Meet the Future Monday: Madison Martin of Monroe County, Tennessee

By Melinda Perkins, TCA Intern

Martin2Today’s “Meet the Future Monday” is no stranger to the Tennessee cattle industry whether it be from the show ring, leadership roles in the industry, or representing our state at national cattle events. Madison Martin plays a vital role in advancing not only her operation, Volunteer Simmentals in Monroe County but also the cattle industry…all while maintaining her school work and time on the University of Tennessee Livestock Judging Team. The future is in good hands with producers like Madison.

Describe your operation.

Our operation is formally known as Volunteer Simmentals. We are based in Southeast Tennessee and primarily run a Simmental seedstock operation. In recent years, my goal has been to incorporate progressive genetics using the ChiAngus and Maintainer breeds to raise high-quality show stock for juniors nationwide.

What have you enjoyed most about growing up on the farm?

Growing up on a farm definitely has its advantages and disadvantages. However, one thing I have enjoyed most about growing up on the farm is getting to spend time with my family, and specifically, having the opportunity to farm with my grandfather. Something farm kids know well is how wise our elders are and we get the unique experience to learn and grow alongside them.

martin3.jpgWho has been your biggest role model in pursuing your farming aspirations?

My biggest role model would have to be my late grandfather. Pop made sure we upheld a strict code of conduct whether it be how we handled ourselves ringside or the type of cattle we strived to exhibit. More than that, he made sure we loved this way of life. I can whole-heartedly say that I love this way of life because of my grandfather. I am actually the only grandkid to have remained within the beef cattle industry.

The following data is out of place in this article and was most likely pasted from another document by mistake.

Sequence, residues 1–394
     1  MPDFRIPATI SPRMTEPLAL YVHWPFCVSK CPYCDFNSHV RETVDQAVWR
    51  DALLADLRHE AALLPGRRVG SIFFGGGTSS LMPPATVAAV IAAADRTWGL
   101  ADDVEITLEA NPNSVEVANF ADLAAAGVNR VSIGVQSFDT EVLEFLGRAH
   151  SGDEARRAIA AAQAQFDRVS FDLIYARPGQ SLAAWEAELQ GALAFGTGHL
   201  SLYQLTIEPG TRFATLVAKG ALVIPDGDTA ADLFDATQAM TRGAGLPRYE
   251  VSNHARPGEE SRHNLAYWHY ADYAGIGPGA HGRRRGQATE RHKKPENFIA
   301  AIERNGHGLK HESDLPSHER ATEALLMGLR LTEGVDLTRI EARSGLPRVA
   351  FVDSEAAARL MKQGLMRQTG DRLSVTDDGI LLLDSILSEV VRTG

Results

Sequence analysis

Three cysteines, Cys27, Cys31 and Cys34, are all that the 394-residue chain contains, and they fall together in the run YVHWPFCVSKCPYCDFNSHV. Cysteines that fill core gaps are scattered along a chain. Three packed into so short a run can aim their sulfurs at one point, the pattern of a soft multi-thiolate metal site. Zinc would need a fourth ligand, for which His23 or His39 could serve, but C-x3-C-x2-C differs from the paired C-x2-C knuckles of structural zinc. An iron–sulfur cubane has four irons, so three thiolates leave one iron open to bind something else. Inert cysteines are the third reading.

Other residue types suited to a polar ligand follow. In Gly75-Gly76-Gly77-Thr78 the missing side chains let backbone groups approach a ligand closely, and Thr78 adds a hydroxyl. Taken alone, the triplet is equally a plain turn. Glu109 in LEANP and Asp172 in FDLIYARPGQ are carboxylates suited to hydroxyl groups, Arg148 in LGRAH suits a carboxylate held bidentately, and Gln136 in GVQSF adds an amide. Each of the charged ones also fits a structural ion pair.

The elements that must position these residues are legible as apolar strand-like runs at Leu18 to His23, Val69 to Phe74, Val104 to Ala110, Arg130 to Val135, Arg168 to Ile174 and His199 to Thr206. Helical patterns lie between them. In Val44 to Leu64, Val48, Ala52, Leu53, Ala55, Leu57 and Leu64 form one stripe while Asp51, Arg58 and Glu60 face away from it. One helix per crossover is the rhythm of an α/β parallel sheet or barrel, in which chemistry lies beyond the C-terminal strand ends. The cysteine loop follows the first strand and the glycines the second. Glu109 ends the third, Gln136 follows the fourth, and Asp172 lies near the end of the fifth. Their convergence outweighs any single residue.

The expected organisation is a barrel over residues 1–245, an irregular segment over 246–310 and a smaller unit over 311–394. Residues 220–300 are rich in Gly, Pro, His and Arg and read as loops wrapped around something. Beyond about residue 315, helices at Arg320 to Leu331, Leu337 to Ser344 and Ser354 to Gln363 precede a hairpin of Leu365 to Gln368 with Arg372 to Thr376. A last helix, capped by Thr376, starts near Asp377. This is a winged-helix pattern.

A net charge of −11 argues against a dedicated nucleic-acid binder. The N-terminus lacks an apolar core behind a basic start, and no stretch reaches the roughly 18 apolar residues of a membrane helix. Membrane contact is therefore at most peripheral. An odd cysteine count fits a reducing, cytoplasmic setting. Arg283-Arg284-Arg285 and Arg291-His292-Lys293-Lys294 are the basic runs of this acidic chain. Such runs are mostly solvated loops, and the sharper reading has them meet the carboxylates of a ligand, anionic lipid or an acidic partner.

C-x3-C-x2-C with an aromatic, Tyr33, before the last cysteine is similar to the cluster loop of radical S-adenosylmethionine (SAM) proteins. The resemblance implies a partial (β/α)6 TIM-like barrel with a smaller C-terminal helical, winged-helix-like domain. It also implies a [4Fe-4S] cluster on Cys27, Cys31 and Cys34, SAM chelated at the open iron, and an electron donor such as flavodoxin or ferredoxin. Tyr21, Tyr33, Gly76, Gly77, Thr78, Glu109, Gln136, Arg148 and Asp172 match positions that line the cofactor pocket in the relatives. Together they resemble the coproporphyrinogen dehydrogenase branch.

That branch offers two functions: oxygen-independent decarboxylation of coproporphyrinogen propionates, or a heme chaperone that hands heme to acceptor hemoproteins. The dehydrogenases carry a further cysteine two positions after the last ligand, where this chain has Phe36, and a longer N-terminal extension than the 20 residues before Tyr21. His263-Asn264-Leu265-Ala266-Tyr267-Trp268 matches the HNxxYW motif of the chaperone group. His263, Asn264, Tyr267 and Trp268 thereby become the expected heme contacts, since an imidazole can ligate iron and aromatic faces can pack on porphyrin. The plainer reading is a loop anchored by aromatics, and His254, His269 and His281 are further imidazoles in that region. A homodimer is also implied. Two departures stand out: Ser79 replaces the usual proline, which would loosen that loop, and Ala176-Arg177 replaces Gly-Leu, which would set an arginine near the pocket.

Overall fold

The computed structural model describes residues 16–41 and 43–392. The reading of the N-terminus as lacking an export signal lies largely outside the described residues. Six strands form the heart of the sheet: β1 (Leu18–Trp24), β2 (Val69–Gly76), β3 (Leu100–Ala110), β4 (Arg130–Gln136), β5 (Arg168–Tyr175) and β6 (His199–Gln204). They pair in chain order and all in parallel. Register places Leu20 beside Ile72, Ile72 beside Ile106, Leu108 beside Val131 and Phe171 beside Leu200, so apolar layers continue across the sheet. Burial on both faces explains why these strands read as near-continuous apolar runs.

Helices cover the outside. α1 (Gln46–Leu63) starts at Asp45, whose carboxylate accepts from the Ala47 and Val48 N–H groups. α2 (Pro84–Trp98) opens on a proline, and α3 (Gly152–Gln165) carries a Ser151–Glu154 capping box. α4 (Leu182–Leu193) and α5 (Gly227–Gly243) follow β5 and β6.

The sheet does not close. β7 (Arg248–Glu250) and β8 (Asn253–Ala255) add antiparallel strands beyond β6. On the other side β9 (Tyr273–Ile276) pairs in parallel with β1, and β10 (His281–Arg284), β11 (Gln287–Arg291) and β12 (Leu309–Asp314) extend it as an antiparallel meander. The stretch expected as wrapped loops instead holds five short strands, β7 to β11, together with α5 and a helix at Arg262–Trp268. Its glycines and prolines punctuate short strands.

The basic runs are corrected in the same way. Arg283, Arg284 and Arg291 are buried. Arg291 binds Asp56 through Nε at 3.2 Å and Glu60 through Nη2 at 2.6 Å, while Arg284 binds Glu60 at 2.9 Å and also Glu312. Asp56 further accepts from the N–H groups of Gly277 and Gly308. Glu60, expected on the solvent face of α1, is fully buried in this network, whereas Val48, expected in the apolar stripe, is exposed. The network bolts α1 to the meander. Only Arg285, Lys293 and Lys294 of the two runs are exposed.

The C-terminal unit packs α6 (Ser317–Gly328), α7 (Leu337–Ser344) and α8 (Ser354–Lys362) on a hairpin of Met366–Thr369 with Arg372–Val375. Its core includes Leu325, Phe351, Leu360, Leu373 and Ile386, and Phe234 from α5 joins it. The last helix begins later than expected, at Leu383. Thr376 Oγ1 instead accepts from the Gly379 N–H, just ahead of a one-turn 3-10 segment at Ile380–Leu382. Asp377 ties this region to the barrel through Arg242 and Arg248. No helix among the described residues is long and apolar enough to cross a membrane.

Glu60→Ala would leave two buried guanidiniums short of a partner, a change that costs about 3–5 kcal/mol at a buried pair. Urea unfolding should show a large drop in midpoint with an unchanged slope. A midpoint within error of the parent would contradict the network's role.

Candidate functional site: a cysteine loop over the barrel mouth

What are you most passionate about in your business?

I am fortunate to be able to do something I love each and every day but I am even more fortunate to be able to try MY ideas on the farm. Like I mentioned earlier, we strive to run a progressive operation where we experiment with different feeds and genetic combinations. I think it is awesome that whenever I have an idea to take our operation to the next level, my dad never hesitates to let me implement it.

What are some of the greatest challenges that you face as a young farmer?

One of the biggest challenges we have been facing is consumer perception, and, with the way our society is changing, we as young farmers need to tackle this head-on. But more than that, new, younger farmers are a dying breed.  We need to advocate for our way of life so that we can keep it alive and encourage others to join us! (And I know that is a hard concept for many people of the farming community to accept)

Martin1Where do you see yourself and your operation in 10 years?

In ten years, I hope to have grown my operation into twice the size that it is now. I also hope to have a law degree within ten years.

How will you continue to improve and grow your operation?

Progressive is a common term in our operation. We are always trying something new to improve our efficiency.  We implement many conservation practices so that my family, three or four generations from now, can follow in my footsteps.

How do you intend to leave your footprint on the beef industry in Tennessee?

The farmers of Tennessee have given me so many opportunities. One goal of mine is to give back to them whether it be by defending our agriculture way of life in Tennessee as a lawyer, helping young exhibitors with their show cattle projects, or helping other young farmers get there start in this business. I intend to do this by staying active in agriculture organizations and the Tennessee beef industry for as long as the Lord sees fit.

What could the existing farmers do most to help future farmers such as yourself?

One thing I benefit from most is watching! I get weird looks when I volunteer to help neighboring farmers work but I have learned more about (life) surviving in this business by offering free labor or sitting at the local stockyard talking to producers with a lifetime of experience than I will ever learn in a classroom.

What is your favorite beef dish?

I am a steak and potatoes girl—if I am feeling fancy sweet potatoes and a ribeye!

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